The power shift within the financial services industry by 2020

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If you want to know where to position yourself to ensure you’re in a growth sector by 2020, PwC has a suggestion – get into asset management. While the banking sector is likely to shrink over the next seven years, asset management firms will continue to expand on the back of a surge in assets from nearly $64 trillion now, to over $100 trillion in 2020, it says.



Banks will continue to deleverage, believes PwC, which says their influence over policy makers will diminish, creating a “vacuum into which asset management will step and place itself at the centre of efforts to reinvigorate the world economy.”

Not surprisingly, key to asset managers’ ambitions for world domination will be the ability to attract the right people. Fund managers will have to step up efforts to hire retain and train staff, while partnering with universities to ensure an adequate supply of skills and knowledge is churned out of the education system.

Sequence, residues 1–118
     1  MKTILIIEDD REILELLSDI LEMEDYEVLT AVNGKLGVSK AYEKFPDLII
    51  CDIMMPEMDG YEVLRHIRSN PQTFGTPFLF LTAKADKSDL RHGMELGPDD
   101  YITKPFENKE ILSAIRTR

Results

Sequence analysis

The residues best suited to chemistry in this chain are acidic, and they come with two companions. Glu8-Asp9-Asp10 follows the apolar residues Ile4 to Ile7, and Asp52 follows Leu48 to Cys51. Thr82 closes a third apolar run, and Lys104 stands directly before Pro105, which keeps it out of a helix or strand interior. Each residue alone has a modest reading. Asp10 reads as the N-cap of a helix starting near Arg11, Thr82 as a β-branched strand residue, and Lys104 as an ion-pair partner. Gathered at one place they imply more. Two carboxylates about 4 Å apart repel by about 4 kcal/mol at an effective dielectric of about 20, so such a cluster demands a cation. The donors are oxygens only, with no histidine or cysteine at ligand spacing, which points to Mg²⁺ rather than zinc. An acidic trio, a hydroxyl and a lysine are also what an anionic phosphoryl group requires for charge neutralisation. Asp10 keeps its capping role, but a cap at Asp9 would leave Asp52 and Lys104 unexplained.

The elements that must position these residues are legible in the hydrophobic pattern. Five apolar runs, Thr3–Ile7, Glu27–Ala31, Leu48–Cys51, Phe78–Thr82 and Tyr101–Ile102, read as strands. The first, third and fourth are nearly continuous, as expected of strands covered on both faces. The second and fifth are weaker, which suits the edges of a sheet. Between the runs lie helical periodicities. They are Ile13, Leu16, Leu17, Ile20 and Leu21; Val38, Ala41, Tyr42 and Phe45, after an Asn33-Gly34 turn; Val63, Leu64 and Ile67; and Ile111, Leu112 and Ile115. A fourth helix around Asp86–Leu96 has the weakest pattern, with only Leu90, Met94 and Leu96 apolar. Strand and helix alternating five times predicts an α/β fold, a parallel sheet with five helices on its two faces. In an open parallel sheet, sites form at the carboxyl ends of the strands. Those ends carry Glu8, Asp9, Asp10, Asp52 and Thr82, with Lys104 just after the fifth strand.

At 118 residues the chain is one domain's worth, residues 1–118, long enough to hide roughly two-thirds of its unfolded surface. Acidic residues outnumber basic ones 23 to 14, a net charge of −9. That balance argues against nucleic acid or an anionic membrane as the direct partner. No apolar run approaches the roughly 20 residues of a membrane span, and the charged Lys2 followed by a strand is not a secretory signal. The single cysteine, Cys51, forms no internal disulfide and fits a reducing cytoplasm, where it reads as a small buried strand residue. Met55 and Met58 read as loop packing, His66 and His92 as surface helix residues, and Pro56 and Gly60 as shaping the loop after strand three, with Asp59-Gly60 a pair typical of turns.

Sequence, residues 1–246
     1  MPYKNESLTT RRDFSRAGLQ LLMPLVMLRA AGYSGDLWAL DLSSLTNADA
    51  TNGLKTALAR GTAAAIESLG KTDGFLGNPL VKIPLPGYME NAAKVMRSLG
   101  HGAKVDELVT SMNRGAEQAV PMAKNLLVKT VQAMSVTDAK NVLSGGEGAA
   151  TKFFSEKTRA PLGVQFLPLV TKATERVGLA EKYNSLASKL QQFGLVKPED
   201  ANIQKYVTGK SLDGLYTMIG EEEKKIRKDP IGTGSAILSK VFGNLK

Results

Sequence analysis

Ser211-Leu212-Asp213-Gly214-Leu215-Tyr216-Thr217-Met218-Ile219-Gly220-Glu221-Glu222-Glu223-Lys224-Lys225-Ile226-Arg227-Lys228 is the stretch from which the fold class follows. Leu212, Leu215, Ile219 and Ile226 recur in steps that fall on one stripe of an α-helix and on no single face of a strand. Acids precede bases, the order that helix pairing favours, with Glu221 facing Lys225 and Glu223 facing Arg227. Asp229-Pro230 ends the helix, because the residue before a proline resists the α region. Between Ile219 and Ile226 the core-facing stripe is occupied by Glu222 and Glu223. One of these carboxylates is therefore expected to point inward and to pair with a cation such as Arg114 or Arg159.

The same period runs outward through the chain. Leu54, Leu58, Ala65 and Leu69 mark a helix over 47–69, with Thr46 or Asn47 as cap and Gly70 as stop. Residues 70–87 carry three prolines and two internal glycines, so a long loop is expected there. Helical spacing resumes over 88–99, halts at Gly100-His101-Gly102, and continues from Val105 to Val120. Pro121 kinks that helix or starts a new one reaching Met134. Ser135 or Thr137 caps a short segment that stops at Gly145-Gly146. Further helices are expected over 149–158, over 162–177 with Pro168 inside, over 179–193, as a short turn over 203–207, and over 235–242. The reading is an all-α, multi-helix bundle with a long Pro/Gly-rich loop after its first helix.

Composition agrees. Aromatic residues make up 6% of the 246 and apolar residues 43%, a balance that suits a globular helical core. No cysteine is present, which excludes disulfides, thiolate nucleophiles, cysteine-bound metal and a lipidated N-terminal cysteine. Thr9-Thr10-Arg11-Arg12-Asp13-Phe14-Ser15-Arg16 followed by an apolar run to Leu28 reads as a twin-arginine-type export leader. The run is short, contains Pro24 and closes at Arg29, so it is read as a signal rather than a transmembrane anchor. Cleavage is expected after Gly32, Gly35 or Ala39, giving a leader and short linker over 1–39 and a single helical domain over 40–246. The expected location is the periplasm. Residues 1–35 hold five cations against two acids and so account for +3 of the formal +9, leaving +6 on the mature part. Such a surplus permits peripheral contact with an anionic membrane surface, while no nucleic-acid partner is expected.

However, a lot of this will be outside of their current key markets. South America, Africa, Asia and the Middle East (or the new PwC acronym, SAAAME) will be the key areas of growth. While currently a lot of these areas are merely distribution satellite offices, in the future they’re likely to be “regional hubs” where international firms can deploy their best and brightest and can be “used to attract and nurture talent in Africa or China for training future risk and portfolio managers, as well as regional heads of distribution, compliance and policy.”

In what could be more bad news for bankers should fund management really start to become more dominant, PwC is predicting that pay will become much more transparent – and the way it pays its staff part of the of sales process – and any incentives will be measured on nebulous concepts like customer satisfaction, quality of service and “innovative thinking”. The result will be that any institutional fund managers will have a high base salary, small bonus and any uplifts will be tied to “sustained return and reduction for excessive risk”.

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